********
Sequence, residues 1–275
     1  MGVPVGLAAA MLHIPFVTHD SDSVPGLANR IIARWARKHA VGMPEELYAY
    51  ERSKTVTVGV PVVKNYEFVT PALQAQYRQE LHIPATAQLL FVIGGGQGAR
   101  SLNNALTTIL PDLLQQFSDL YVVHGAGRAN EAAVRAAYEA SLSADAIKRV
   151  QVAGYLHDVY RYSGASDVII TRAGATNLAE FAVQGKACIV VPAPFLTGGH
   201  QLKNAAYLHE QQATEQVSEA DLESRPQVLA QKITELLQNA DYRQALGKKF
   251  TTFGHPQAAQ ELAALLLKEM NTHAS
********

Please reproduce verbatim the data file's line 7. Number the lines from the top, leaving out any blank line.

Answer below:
   251  TTFGHPQAAQ ELAALLLKEM NTHAS